Table 1 shows the associations of IGF-I and IGFBP-3 with the natural history of oncogenic HPV and the development of SIL. In multivariate Wei Lin Weissfeld Cox analysis, IGFBP-3 had a statistically significant inverse association with risk of incident detection of oncogenic HPV [adjusted hazard ratio (AHR), 0.35; 95% confidence interval (95% CI), 0.13-0.93] and with the incidence (AHR, 0.07; 95% CI, 0.01-0.66) of oncogenic HPV-positive SIL (SIL at risk of progression) in models that adjusted for age, race, and the number of recent sex partners. A high IGF-I/IGFBP-3 molar ratio was associated with reduced clearance (that is, greater persistence) of oncogenic HPV (AHR, 0.14; 95% CI, 0.04-0.57) in similar models. No other associations with oncogenic HPV detection were statistically significant, although the findings showed a pattern fairly consistent with those above.

For example, high total IGF-I was nonsignificantly associated with greater prevalence of oncogenic HPV and with oncogenic HPV-positive SIL, whereas high IGFBP-3 had a nonsignificant inverse association with these same endpoints. Inclusion of IGF-I and IGFBP-3 in the same models had no affect on the above results. For nononcogenic HPV, we observed only one significant finding, an unexpected inverse association of IGF-I (odds ratio, 0.50; 95% CI, 0.28-0.90) with prevalent detection of a nononcogenic HPV type. No other associations of IGF-I and IGFBP-3 with nononcogenic HPV approximated statistical significance, although the number of events was similar to the number observed with oncogenic HPV (data not shown).

The findings of this small pilot study are consistent with our hypothesis that the IGF axis may influence the natural history of HPV infection and the development of cervical neoplasia. Specifically, women with high serum IGFBP-3 levels had significantly lower rates of incident oncogenic HPV detection, and lower incidence of oncogenic HPV-positive SIL, than women with low serum IGFBP-3 levels. The IGF-I/IGFBP-3 molar ratio, in contrast, was positively associated with persistence of oncogenic HPV infection. We note that these prospective data are in keeping with two prior cross-sectional studies. The first study reported that cervical neoplasia was positively associated with the IGF-I/IGFBP-3 ratio and total IGF-I (7), and the second study reported that cervical neoplasia was positively associated with IGF-II (a related growth factor) but inversely associated with IGFBP-3 (8). Although in the current pilot investigation none of the additional associations of oncogenic HPV with IGF-I or IGFBP-3 were statistically significant, they were fairly similar to the above: total IGF-I had a nonsignificantly positive association with prevalence of oncogenic HPV and oncogenic HPV-positive SIL, whereas high IGFBP-3 had a nonsignificant inverse association with these same endpoints.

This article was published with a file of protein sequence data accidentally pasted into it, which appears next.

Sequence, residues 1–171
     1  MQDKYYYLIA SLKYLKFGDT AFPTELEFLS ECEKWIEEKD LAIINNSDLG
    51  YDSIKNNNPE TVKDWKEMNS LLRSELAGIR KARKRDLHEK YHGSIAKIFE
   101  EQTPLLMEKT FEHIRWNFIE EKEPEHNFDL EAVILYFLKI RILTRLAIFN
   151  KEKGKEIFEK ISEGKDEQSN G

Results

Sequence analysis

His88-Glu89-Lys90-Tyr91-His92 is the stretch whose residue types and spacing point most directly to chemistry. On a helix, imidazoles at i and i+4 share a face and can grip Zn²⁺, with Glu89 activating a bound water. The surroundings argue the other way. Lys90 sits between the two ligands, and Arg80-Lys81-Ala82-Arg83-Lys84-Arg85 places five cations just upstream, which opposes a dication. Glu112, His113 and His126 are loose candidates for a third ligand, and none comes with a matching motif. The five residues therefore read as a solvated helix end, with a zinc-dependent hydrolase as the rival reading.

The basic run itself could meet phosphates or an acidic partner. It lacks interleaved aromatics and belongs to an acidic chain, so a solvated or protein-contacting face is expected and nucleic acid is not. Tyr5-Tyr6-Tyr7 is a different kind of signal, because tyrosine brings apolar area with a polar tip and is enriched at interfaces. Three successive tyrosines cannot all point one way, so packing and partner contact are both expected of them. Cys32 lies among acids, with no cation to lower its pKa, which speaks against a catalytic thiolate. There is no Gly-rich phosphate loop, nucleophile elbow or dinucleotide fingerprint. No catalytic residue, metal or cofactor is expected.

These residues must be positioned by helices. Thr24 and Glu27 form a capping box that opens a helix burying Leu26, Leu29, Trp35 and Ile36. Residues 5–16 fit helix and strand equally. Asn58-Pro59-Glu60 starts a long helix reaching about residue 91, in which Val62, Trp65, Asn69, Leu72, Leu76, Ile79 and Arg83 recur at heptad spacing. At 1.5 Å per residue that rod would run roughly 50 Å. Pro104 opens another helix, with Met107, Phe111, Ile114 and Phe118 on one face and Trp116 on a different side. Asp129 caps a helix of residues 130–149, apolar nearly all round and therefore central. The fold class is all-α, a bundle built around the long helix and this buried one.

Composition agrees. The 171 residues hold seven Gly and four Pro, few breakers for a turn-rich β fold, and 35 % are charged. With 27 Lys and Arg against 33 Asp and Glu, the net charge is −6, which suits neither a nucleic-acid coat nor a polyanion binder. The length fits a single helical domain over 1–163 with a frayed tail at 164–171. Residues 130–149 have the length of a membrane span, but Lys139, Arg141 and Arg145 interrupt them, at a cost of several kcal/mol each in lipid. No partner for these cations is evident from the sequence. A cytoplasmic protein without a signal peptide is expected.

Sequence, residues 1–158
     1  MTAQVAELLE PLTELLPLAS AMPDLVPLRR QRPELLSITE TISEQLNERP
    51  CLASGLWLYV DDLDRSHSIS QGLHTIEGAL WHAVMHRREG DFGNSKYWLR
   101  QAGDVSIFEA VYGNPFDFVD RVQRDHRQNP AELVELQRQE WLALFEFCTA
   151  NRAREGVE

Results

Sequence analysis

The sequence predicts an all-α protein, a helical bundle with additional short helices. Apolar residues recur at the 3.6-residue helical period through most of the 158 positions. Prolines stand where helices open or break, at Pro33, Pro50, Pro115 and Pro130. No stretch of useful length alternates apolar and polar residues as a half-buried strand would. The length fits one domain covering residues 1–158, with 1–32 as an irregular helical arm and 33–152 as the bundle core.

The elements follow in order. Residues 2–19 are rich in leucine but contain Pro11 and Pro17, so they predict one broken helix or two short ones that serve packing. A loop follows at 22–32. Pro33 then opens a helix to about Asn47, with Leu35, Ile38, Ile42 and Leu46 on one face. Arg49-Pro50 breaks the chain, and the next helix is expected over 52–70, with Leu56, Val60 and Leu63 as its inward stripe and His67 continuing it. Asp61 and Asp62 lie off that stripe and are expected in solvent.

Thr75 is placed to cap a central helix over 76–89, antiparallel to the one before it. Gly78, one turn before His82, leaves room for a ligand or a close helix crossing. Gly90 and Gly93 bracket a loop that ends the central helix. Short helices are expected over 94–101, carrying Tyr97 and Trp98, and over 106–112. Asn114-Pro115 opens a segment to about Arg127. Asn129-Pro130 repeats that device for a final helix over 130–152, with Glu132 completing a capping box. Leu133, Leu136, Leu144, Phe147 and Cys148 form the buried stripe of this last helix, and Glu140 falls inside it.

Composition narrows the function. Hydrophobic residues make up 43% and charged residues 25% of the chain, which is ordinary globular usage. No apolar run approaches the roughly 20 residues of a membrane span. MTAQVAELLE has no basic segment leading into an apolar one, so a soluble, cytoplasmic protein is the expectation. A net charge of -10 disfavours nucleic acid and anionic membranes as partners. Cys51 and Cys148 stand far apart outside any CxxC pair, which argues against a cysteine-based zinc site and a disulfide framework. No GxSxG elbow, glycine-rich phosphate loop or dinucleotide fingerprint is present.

Laboratory studies have also reported data consistent with a positive effect of IGF-I and an inhibitory effect of IGFBP-3 on cervical tumorigenesis. For example, in vitro data indicate that the inhibitory effects of IGFBP-3 are likely due to both its sequestration of IGF-I and IGF-I-independent effects; specifically, IGFBP-3 can bind proteins involved in cell cycle in the nucleus (21) and has antiproliferative (22-24) and direct proapoptotic activities (25-28). Thus, high IGFBP-3 levels could lead to less replication and/or greater loss of oncogenic HPV infected cells (that is, to levels below the threshold of detection). A positive association of IGF-I/IGFBP-3 molar ratio with persistence of oncogenic HPV infection was also expected. This ratio is used by some investigators as an indirect measure of free (presumably bioactive) IGF-I levels; indeed, in a recent study of postmenopausal women, we found a modest correlation of ∼20% between the total IGF-I/IGFBP-3 ratio and free IGF-I levels.10